Tuesday, July 5, 2016

Writing about Thieves

As a writer, I have to get into the nitty-gritty of everyday life.  For some characters, that means they're thieves.  They steal things, thinking it's okay, or for some other purpose that's more nefarious.

For the thieves that think it's okay, they're pushing the envelope of what's acceptable.  'Everyone else does it,' or 'it's just a few cents/dollars,' etc.

But stealing is stealing.  Characters who are thieves have an interesting character flaw which is like gold in a writer's mind.  They have a skewed sense of morality, that taking from others is okay.

When is stealing okay?  That's the fine line the thief puts in his mind.  It might be okay to say, steal a grape at the store, or to download a book free from a pirate site, but if you go to their home and take a spoon, for example, that's not okay.  That spoon might be cheaper than a book, but that's not okay.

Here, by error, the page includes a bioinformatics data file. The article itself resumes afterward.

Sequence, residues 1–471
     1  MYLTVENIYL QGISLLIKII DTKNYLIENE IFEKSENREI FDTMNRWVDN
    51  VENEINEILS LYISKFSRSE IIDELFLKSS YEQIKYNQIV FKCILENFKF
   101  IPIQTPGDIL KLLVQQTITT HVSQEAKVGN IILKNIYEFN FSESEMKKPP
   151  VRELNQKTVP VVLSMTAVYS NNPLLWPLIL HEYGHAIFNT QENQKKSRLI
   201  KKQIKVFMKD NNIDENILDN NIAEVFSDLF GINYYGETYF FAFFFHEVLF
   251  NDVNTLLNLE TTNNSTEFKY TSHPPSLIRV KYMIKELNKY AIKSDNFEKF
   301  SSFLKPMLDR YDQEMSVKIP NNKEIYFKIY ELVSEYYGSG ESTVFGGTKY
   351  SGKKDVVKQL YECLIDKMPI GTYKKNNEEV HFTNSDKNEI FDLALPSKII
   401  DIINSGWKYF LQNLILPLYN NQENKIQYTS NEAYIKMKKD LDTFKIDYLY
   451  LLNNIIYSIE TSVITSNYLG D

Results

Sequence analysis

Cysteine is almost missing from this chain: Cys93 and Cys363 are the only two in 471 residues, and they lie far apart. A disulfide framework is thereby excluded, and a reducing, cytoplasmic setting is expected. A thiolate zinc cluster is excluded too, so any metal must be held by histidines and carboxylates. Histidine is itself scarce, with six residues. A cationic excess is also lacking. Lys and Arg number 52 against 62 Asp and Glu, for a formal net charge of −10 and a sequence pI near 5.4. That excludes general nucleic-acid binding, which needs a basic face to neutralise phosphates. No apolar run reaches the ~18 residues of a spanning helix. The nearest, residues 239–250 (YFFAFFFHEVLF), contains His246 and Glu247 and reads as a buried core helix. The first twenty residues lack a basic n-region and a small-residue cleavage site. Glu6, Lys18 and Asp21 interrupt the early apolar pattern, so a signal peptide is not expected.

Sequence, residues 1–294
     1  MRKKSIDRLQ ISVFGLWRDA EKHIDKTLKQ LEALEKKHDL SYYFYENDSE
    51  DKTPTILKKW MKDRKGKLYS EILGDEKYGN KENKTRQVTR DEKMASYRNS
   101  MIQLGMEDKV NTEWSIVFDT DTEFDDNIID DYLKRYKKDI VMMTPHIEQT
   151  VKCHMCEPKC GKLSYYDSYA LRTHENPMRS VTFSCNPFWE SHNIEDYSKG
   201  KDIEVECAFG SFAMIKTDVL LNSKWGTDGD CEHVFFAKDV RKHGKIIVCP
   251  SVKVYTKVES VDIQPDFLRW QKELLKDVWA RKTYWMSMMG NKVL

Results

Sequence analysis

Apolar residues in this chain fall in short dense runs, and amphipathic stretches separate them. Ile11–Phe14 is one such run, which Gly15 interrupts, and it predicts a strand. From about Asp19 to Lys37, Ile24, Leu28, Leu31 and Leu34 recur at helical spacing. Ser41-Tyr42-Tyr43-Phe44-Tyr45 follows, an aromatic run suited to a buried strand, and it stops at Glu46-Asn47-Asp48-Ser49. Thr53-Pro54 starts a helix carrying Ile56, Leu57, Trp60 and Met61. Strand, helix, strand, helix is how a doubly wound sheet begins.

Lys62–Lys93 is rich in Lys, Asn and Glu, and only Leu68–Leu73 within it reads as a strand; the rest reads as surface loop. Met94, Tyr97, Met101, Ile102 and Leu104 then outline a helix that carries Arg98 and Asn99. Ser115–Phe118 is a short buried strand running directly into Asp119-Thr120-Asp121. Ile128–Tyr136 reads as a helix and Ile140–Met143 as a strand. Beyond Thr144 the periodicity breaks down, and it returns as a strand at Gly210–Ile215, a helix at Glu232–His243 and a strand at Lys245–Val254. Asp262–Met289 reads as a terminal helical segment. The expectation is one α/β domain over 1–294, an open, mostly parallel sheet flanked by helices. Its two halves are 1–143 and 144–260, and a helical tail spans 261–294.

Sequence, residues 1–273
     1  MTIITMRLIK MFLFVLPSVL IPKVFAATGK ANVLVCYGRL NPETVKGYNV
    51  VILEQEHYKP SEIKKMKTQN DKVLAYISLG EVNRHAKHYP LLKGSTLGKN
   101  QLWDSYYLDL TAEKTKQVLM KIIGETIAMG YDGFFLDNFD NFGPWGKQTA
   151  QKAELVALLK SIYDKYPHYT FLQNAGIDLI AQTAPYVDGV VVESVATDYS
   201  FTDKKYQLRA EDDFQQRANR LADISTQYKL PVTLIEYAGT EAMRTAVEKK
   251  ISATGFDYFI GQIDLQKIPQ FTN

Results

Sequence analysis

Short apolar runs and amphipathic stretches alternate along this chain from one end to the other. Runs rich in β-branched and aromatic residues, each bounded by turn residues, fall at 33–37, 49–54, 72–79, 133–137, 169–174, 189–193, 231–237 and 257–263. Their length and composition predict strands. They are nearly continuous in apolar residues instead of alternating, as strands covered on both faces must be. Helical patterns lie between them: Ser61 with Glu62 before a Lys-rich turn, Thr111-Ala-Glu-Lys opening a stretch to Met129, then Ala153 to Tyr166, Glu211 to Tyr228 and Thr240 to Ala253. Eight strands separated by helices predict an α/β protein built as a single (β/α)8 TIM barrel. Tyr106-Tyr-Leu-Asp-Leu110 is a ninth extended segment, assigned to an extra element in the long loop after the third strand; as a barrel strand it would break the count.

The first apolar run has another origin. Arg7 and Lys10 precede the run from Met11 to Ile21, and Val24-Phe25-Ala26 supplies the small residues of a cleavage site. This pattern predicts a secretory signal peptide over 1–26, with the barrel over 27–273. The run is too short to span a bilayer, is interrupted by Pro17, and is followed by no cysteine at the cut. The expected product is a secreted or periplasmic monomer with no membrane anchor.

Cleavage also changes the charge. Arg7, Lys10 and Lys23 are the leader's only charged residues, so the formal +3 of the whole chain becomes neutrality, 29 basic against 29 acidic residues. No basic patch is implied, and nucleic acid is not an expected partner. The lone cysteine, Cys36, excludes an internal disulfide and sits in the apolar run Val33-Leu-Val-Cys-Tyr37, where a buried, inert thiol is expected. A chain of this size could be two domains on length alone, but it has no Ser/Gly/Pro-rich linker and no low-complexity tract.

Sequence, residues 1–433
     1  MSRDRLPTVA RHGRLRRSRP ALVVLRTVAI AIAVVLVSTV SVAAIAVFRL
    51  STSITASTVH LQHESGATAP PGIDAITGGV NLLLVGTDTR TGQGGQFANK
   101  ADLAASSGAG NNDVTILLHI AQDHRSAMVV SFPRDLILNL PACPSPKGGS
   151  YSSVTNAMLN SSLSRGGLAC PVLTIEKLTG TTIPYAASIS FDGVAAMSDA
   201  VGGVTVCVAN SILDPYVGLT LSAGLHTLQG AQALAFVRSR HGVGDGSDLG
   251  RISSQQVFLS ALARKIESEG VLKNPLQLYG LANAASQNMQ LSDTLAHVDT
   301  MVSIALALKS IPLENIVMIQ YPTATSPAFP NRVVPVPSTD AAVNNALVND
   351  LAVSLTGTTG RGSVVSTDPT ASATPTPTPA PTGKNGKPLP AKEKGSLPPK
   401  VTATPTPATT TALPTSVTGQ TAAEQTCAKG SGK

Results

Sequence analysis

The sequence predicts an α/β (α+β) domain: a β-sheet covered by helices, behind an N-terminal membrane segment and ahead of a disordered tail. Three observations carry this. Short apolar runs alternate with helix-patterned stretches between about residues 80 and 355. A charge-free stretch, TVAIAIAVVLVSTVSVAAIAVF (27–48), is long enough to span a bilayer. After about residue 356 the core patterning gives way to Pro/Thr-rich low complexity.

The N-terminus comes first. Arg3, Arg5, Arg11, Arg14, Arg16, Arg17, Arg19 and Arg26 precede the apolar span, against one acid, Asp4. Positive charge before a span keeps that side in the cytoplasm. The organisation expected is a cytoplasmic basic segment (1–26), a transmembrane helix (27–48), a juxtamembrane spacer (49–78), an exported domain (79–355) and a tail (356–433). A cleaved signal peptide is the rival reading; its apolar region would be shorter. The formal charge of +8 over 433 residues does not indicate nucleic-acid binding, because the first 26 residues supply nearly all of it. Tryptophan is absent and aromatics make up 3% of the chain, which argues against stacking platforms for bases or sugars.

Thus, when writing about thieves, know they too, have limitations for their own morals.  The old saying, 'there's honor among thieves,' also holds true.  They look out for each other, protecting other thieves.  However, making a thief change by the end of the book is no easy task.  'Once a thief always a thief' sticks in other character's minds.  It's like the thief becomes untrustworthy, which is an almost impossible label to shed, even under extenuating circumstances for becoming a thief in the first place. 'I was stealing milk for my baby,' still makes that person untrustworthy.

I had to figure that out when writing 'Ruled a Suicide.'  The main character, Ellie, was a homeless mother.  She broke into a home for medicine for her daughter, also living on the streets.  Once inside the home, she finds the homeowner, dead under the Christmas tree.  Ellie calls the cops but can't tell who she is, for fear they'll know she'd broken in and she's homeless with a child. If anyone finds out she was stealing, she'll lose it all.

Have fun writing about thieves!  They're interesting characters!

SweetTale Books

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